- October 17, 2014
After productions such as „Bless you, prison” (2002) or „The Unmasking” (2010), Nicoale Mărgineanu continues his exploration of the communist prisons’ world with the movie „White Gate”, a tough cinematographic narrative about the tortures in the labor camp called the Danube-Black Sea Canal. Although the Canal is known as a place of intellectuals’ extermination, the film extensively presents Arsenie Boca and his miracles in the labor camp, his image being that of an apostle of survival in the middle of terror.
Director: Nicolae Mărgineanu
Scriptwriter: Nicolae Mărgineanu, Oana Maria Cajal
Cast: Cristian Bota, Sergiu Bucur, Bogdan Nechifor, Mădălina Craiu, Maria Ploae, Ion Besoiu
Produced by: Nicolae Mărgineanu
Cinematography by: Mihai Serbușcă
Film editing by: Nita Chivulescu
Category: feature film
Duration: 82 minutes
0 – Cinepub viewers
Three young students, Adrian, Ninel and Anuca try to cross the border over the Danube.We are in 1949 when communism was rapidly establishing itself in Romania. The two boys are caught by border rangers and they end up in the forced labor camp of the Danube-Black Sea Canal. They don’t know anything about Anuca’s fate…
„White Gate” is a Romanian film that adds to the necessary works of art that depict the world of the communist terror in the ’50s Romania. In the biography of Nicolae Mărgineanu there is to be found the reason for his constant interest in the crimes of the communism, and as a support material for „White Gate” he also used the writings such as „Cousin Alexandru” by Adrian Oprescu or „Torture Explained to All” by Florin Constantin Pavlovici.
As we are informed at the end of the movie, the Danube-Black Sea Canal was called „the grave of the Romanian intellectuals”. The film presents the story of two young students at the Faculty of Engineering, Adrian and Ninel, who, as punishment for trying to escape the communist regime by crossing the Danube, are sent to the Danube-Black Sea labor camp. It is there that they will know hard, Sisif-like work, exhaustion, ritual-beatings and many more horrors.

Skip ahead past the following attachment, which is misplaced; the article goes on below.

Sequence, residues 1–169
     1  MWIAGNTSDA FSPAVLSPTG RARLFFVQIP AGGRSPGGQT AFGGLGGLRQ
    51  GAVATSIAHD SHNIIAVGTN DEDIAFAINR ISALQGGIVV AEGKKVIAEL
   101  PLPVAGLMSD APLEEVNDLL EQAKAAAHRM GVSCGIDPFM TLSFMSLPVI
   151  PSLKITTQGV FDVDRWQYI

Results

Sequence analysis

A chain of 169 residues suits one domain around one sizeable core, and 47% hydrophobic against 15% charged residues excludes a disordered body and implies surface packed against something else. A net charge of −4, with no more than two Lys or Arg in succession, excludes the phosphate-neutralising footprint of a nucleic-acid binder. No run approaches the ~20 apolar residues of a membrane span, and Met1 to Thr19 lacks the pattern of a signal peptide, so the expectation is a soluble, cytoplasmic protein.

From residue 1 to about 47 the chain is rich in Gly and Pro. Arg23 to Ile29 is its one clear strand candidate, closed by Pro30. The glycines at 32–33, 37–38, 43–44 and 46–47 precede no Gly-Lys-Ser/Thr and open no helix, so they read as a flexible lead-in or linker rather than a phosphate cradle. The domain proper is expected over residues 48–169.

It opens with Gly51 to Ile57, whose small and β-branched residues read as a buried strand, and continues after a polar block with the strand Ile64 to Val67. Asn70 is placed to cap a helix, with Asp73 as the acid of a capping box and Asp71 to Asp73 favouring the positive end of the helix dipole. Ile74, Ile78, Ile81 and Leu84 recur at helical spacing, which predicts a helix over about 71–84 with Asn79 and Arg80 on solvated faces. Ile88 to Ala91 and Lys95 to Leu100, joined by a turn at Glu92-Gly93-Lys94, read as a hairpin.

As far as the direction of the movie is concerned, there are no demonstrative excesses, the movie is lucid and balanced, and not completely deprived of the feeling of hope: the character of Arsenie Boca (known as „The Saint of Ardeal”), very well played by Bogdan Nechifor, is a permanent counterpoint of the situations in which the very human essence is under threat. Beyond all the suffering, in the middle of terror, there is always the possibility of spiritual elevation, seems to be the message of this film, a more luminous one than other films on the topic (Daneliuc’s films, for instance).
A film that, precisely for the above reasons, is the necessary counterpoint in the collection of Romanian films online on Cinepub.ro.
„Beautifully shot in glowing digital, with unforced poetic moments of beauty, it’s a hard watch and a grisly insight into an episode of Romanian history very much unknown to the West.” (Sheila Seacroft – www.jigsawlounge.co.uk )
„Don’t try to flee, or the Danube will swallow you!
You have families, think about who’s waiting for you at home!”
”In here, I am your God! In here you do what I want, not what God wants!”
„We’re building the Canal, we’re building the Canal!”
„You got us all in a frenzy, Father? Where have you been?
A village in the Apuseni Mountains.”
„(…) I never thought I’d stand in line for a beating.”
Best Screenplay (Nicolae Mărgineanu, Oana Cajal), Best Production Design (Dumitru Nicodim), Best Actor in a Supporting Role (Bogdan Nechifor), Best Cinematography (Mihai Serbușcă), Young Hope Award (Cristian Bota), Best Hair and Make-up (Dana Moldoveanu), Gopo Awards – Romania, 2015
Transylvania, Mon Amour: Sheila Seacroft Reports from Cluj, Romania (1/2) – www.jigsawlounge.co.uk